The Moon House and Copper House are the latest additions to Bambu Indah, an eco-resort in Sayan, Bali, and were co-designed by IBUKU and John Hardy. Both structures allow guests to have the closest possible connection with ‘the pulse of nature’ while maintaining luxurious features and facilities. A curving roof envelops each room and, while the room is open to the elements, the beds can be completely enclosed and air-conditioned to provide the best of both worlds.
The rooms were designed using a grid shell structure, which gives them a very organic feel and were designed for the view and the land they were built upon. Both are tucked into the landscape and were designed to maximize the stunning outlook onto the river and rice fields. In Copper House (named after its beautiful copper roof shingles), the bathtub is one of the focal points of the room, allowing guests to bathe while gazing on classic Balinese views. The room was actually built around a tree that already grew on the ridge site. IBUKU Creative Director Elora Hardy says, “I thought it would be lovely to be standing in front of the tree and see a mirror over the sink and that incredible view at the same time.”
For Moon House, the concept was also very simple- to wrap a shell around the space, create a beautiful space for the bed, and maintain the openness of the location. In this case, the bathroom is tucked off to the side of the main structure with a unique outdoor bathroom atmosphere. Moon House also has a spring-fed fresh water plunge pool right in front of it. Instead of a railing, there is a hammock net that wraps around it, above the pool. For both houses, the orientation of the bed conforms to the Balinese tradition of aligning the sleeping person’s head towards sacred Mount Agung.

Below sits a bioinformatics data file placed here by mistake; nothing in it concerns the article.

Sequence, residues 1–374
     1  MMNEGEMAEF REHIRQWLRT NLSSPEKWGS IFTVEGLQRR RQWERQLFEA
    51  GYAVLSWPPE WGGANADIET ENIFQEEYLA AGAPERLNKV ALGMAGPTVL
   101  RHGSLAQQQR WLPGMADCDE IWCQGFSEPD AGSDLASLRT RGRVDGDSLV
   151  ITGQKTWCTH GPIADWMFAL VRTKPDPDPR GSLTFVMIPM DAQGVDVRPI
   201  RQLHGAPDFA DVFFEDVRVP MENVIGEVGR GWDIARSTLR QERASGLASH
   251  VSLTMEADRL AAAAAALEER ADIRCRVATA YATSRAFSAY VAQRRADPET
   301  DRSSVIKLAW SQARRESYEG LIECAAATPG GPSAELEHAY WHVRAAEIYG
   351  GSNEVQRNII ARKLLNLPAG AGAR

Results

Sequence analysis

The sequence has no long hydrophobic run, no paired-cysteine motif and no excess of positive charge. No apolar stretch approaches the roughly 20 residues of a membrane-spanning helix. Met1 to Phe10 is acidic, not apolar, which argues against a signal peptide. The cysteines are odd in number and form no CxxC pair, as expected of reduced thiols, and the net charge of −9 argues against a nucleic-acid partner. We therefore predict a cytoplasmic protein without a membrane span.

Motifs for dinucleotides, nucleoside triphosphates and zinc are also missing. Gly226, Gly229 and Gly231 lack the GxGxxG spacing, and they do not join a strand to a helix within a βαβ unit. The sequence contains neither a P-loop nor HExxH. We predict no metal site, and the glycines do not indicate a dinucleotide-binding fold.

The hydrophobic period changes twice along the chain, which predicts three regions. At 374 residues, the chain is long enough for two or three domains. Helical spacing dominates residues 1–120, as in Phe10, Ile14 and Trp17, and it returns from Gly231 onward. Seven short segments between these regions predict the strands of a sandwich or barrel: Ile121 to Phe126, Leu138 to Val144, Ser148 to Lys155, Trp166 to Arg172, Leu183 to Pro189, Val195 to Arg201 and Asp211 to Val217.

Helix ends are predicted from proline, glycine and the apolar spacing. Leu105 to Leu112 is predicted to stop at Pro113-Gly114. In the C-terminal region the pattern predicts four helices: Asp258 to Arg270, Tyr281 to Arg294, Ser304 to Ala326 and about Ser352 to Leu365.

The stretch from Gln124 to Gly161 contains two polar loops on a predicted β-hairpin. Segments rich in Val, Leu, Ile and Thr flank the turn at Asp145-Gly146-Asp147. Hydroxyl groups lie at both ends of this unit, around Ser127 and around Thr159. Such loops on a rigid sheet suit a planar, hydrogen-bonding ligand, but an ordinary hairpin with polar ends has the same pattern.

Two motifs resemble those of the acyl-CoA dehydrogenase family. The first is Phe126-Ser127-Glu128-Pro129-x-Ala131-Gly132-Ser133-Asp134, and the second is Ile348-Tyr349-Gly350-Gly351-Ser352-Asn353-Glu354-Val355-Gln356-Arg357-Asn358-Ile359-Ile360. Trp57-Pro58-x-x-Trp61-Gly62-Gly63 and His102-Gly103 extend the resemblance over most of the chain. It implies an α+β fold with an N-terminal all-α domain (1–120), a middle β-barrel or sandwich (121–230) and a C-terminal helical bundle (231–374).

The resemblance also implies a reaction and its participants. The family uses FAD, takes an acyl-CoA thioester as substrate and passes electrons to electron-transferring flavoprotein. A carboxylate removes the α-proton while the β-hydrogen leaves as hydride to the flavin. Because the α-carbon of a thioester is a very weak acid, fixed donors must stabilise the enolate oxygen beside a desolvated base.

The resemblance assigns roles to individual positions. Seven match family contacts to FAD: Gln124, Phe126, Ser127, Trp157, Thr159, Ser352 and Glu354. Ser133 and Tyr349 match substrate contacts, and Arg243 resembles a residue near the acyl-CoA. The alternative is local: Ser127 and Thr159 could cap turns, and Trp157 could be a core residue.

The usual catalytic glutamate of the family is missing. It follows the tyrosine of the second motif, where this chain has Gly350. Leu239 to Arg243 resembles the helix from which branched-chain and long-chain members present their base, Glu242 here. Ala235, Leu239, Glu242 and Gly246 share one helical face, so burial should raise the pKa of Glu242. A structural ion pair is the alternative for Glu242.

Bambu Indah was founded by Cynthia and John Hardy in 2005. The resort combines restored antique Javanese houses with newer structures built with sustainable bamboo. Unlike buildings with concrete foundations, stilted buildings can ultimately be moved or removed with little impact to the earth. The resort design also promotes the use of natural light and passive cooling to cut down on energy costs. The food gardens supply nearly 50% of the guests’ food requirements.
IBUKU has designed and built over 50 bamboo structures in Bali, Indonesia, and around the region over the past five years. The traditional skills of Balinese craftsmen, combined with IBUKU’s design ideas and modern engineering enable IBUKU to create original bamboo structures for residential, educational and commercial clients to international acclaim.
Pics by: Steven Kent Johnson.
banjar baung, desa sayan, ubud